Dressing Up a Salad

September 1, 2003

18 Min Read
Dressing Up a Salad

Gone are the salad days when a plate of restaurant greens consisted of bland lettuce and a few vegetables smothered in unimaginative orange or white dressing. Today’s salads, packed with character, bold flavors and texture, command center stage.

“Increased consumer demand has caused the foodservice industry to recognize the need for higher-quality salads,” says David Engel, director of marketing for Sargento Foodservice, Plymouth, WI. “Every restaurant operation is looking to enhance what it offers, from the lettuce that forms the base of the salad to the croutons that top it off.”

In its effort to introduce lighter fare and more sophisticated flavors, the chain-restaurant segment arguably has implemented the most dramatic changes in its offerings. Making good on a pledge to upgrade its greens, McDonald’s Corp., Oak Brook, IL, replaced its salad-in-a-cup McSalad Shakers with a new roster of salads in April. The four items, three entrée and one side, combine mixed greens, grape tomatoes and shaved carrots. Although iceberg and romaine make up the bulk of the lettuce, the mix is cut with six specialty baby greens, including arugula, radicchio and red Swiss chard.

The three entrée salads are topped with warm chicken, either grilled or crispy. In addition, the California Cobb salad features crumbled blue cheese, hickory-smoked bacon and chopped egg; the Caesar salad tosses in grated Parmesan cheese and garlic croutons; and the Bacon Ranch salad features Jack and Cheddar cheeses and bacon. Each salad has a different packet of Newman’s Own salad dressing — the side salad, for example, which sells on the Dollar Menu, pairs with light balsamic vinaigrette.

The fast-food chain hopes to benefit from the trend pioneered by Dublin, OH-based fast-food rival Wendy’s, which introduced a line of Garden Sensations salads last year composed of baby lettuces and garnishes such as Mandarin oranges and crispy rice noodles. An instant hit, those items allowed Wendy’s to siphon business from its competitors. They also showed that restaurant patrons will pay a premium for quality and perceived value.

McDonald’s, however, has targeted a specific audience rather than take Wendy’s broad-brush approach. It is aiming its new product line at health-conscious women who tend to avoid the burger giant, and mothers, who bring their children to the chain for Happy Meals but likely only purchase beverages for themselves, not food.

The fast-food chain has employed a variety of media to spread the word about its salads to female consumers. One TV ad shows a mom and her children in a van on a highway. The kids ask to stop each time they pass a McDonald’s billboard, but only when the mom sees a billboard for the chain’s salads does she agree. Two other ads show a cross section of women who are yoga enthusiasts, bikers, plumbers and stay-at-home moms. The pitch: “New McDonald’s Premium Salads. They’re surprising. Like you.”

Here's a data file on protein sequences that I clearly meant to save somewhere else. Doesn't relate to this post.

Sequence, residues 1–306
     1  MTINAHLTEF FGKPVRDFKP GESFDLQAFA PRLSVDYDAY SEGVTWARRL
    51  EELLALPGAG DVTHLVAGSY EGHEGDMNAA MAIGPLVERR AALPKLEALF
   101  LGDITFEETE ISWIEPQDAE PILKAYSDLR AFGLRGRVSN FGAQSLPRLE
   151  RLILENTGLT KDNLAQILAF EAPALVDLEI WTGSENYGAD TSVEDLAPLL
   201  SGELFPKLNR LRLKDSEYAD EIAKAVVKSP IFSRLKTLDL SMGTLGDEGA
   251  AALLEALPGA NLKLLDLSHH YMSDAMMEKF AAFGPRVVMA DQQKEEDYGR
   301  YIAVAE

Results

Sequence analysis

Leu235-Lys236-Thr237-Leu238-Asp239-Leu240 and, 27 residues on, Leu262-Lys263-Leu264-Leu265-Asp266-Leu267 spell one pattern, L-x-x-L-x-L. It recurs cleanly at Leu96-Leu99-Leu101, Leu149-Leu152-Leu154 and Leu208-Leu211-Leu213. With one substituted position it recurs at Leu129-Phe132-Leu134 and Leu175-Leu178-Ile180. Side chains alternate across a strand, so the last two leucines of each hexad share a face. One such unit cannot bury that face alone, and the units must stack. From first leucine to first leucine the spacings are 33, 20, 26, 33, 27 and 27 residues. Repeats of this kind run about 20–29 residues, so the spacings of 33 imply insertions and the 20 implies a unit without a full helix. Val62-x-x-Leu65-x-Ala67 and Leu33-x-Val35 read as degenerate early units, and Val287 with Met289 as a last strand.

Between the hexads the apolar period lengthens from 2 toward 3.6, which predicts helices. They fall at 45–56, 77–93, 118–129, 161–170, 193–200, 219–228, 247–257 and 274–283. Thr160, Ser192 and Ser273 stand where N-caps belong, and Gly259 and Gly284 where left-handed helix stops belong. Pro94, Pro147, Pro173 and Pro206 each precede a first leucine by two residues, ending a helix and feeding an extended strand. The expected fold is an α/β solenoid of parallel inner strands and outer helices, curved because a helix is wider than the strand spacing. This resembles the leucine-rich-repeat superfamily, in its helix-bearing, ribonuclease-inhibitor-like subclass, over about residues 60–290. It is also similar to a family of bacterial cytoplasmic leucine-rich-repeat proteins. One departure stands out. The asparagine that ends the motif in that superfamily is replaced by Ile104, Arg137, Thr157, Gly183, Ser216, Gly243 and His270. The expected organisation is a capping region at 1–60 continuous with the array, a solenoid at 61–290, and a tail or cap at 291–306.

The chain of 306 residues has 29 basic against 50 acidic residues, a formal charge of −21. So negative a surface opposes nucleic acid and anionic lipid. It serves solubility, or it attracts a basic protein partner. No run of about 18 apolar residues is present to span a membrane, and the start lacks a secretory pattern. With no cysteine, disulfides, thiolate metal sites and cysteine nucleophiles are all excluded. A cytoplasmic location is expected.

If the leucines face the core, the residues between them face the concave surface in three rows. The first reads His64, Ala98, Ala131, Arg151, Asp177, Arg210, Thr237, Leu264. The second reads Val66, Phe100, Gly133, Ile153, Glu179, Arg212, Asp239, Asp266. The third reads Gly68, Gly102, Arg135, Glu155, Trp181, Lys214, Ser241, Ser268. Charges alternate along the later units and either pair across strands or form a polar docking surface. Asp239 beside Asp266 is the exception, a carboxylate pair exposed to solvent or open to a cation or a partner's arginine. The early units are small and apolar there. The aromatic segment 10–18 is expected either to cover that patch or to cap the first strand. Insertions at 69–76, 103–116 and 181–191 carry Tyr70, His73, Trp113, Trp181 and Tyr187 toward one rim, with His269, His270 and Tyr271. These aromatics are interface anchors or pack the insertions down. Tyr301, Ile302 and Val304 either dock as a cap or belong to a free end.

Another marketing vehicle is the Internet. The burger chain has posted ads on websites known to be popular with women, such as iVillage.com and MSN.com. The Internet ads also encourage viewers to click through to McDonald’s website to learn more about the salads. According to Neil Perry, senior director of digital marketing for McDonald’s USA, the first day the ads ran, the fast-food company’s Internet site had a record number of hits in one day.

Although it is too early to determine the salads’ impact on the fast-food giant’s bottom line, Mark Kalinowski, an analyst with Smith Barney, New York, believes that domestic same-store sales could gain momentum based in part on the new product line. “The premium salads indicate to me that McDonald’s is moving in the right direction,” says Kalinowski.

Chains that feature ethnic fare also feature an expanding roster of greens, venturing beyond traditional salad guises with adventurous ingredients. El Pollo Loco, a 300-unit Mexican chain based in Irvine, CA, polled customers earlier this year about possible menu additions, and made-to-order salads came out on top, with a version featuring the chain’s signature grilled, marinated chicken rating highest. As a result of the enthusiastic response, that salad was rolled out immediately. According to Jon Miller, director of research and development, it filled a menu void. “You see this type of salad in casual or quick-casual restaurants, but not in quick service,” he says. “There’s a demand for quality in our segment of the industry, and we’re proving that quality can be fast and convenient.”

The chain also has added two larger, bolder-flavored versions to its line of salad bowls, which it has offered since 1998. The new salads — Chicken Fiesta and Chicken Caesar — feature chicken marinated in herbs, spices and fruit juices. The chicken is grilled to order and settled atop a bed of chilled greens with tortilla strips and cotija cheese. The Fiesta adds Cheddar and Jack cheeses, roasted corn poblano, guacamole, sour cream and chipotle dressing, while the Caesar includes roasted pepitas — a Mexican preparation for pumpkin seeds — and creamy cilantro dressing. One of four salsas — pico de gallo, avocado, spicy chipotle or house salsa — accompanies the salads and a serrano pepper, the chain’s signature garnish for the new salads, tops each one. “These salads embrace the growing demand for flavorful entrée-size salads and freshly prepared dressings,” says Miller.